Turpentine, Turpenoid and Linseed Oil © Karen Dalziel

4Culture and the Local Hazardous Waste Management Program in King County (LHWMP) are excited to announce a new partnership. Our agencies will be working together on a variety of initiatives, some of which will roll out in early 2013.

For starters, we will be hosting a series of free and informative workshops focused on Hidden Hazards in the Arts – the first session is scheduled for January 10th (scroll to the end of this post for additional details). Dave Waddell, the program’s coordinator, along with regional artists working in a variety of disciplines, will be contributing testimonials to Blog4Culture and we will be commissioning a number of artist-designed public service announcements about hazardous waste.

Don’t Drink the Turpentine!

Aaron knew better than to drink turpentine; he was an EMT before he became an artist and painting instructor. But he did drink it – in front of 45 oil painting students.

Here’s his story from a recent Hidden Hazards in the Arts Workshop:

Easels were set up, the model was properly dressed and located, my large canvas was prepared, my oil paints were ready on my palette and a small mason jar of turpentine sat on the floor nearby for cleaning my brushes.

People filed in, the room warmed up and things got off to a smooth start. I began sweating and decided to get some lemonade from the cooler in the back. I poured it into a glass, took a swig and went back to work. As time went by, I got thirsty, reached down to grab the lemonade and, you guessed it, grabbed the jar of turpentine instead. By the third swallow I realized what had happened, though no one else had.

I set the jar down and ran out of the room to a sink and began drinking water furiously. I didn’t want to get my stomach pumped, so no call to 9-1-1, but I knew I needed to act quickly. I ran to the studio kitchen, opened the refrigerator and grabbed a jug of milk and started chugging it. I started burping like crazy and realized that I’d better stay away from flames and lit cigarettes unless I wanted to become a human flame thrower.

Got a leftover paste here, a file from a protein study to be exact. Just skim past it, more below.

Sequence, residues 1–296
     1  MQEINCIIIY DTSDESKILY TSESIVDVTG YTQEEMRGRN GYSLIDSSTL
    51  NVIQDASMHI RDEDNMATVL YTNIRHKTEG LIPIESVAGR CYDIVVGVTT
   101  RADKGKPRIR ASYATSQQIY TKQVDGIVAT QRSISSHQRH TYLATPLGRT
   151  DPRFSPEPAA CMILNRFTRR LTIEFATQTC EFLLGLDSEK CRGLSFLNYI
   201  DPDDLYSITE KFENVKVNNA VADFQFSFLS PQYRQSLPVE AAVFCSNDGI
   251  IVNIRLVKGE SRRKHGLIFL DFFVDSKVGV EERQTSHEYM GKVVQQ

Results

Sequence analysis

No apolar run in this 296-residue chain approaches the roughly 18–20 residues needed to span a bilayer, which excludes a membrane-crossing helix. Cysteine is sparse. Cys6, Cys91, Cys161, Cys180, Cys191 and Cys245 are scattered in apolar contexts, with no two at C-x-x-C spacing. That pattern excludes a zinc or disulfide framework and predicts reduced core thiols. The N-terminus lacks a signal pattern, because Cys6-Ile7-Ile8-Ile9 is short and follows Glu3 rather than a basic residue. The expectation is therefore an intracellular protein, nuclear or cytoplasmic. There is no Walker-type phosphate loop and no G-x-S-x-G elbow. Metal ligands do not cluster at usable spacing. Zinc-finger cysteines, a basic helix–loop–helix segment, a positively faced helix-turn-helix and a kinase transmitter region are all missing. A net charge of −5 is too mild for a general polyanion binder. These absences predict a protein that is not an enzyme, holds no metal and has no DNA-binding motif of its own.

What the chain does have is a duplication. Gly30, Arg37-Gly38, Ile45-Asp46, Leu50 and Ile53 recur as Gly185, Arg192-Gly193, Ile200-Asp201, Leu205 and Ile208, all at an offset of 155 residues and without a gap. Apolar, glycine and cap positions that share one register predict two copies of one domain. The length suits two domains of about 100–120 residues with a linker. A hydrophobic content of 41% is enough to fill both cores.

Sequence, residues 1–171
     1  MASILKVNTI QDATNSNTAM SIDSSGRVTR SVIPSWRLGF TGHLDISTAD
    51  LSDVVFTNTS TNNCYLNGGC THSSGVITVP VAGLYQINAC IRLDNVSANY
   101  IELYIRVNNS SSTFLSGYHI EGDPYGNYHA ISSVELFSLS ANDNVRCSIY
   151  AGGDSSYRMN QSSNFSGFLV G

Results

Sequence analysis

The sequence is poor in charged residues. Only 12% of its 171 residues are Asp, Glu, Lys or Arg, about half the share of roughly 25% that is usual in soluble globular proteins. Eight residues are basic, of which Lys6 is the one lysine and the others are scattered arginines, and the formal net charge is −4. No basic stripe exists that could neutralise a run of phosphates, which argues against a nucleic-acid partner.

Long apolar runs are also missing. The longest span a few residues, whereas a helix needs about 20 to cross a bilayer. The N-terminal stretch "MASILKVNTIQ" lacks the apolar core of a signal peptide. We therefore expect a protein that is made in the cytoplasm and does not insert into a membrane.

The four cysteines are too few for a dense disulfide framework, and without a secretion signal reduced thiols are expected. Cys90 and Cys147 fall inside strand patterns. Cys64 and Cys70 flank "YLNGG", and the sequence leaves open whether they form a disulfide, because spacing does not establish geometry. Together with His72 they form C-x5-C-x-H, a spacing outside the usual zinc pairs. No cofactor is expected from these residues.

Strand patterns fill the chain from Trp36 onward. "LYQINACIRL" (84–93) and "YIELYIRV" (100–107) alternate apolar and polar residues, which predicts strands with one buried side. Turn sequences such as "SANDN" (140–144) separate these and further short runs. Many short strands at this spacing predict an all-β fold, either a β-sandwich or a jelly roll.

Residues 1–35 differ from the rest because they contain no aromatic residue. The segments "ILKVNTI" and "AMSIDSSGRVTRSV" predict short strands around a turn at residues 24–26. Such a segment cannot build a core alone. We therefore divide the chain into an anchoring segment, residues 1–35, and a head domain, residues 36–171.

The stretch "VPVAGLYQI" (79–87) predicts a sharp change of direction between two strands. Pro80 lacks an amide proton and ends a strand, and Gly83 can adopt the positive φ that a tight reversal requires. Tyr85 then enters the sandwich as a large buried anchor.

Pretty soon I began vomiting up the toxic stew in my belly and, after a few days, was none the worse for wear other than a really sore throat, upset stomach and feeling like an idiot.

If an EMT can accidentally drink poison, this could happen to you. Hearing his story, the artists in the workshop came up with these safety practices:

    1. Never eat or drink when you’re working with art materials. It’s too easy to contaminate your food.
    2. If you’re going to transfer a product to a secondary container, label that container BEFORE you fill it.
    3. Safer labels include the name of the product AND the primary hazard warning on the original container (toxic, flammable).
    4. Use a less toxic compound, like olive oil, to clean your brushes. It won’t poison you if you drink it.

The Art Chemical Hazards Project works with artists to help them find ways to create vibrant work without endangering their health (or their family’s) while protecting the environment.

–        Dave Waddell

Save these dates for the Hidden Hazards in the Arts Workshop Series @ 4Culture:

Thursday, January 10, 12-2pm
Chemical hazards in jewelry, metalsmithing, and printmaking (especially intaglio)

Thursday, March 14, 6-8pm
Chemical hazards in painting (aerosol spray paint, oil, water, acrylic), encaustic, pastels and adhesives (fixatives, glues, pastes)

Thursday, May 9, 12-2pm
Chemical hazards in studio glass (glass blowing, slumping, fusing, grinding, etching and polishing)

To attend (or host!) a workshop, ask a question or share a story about your encounters with chemical hazards, email Dave Wadell or call 206-263-3069.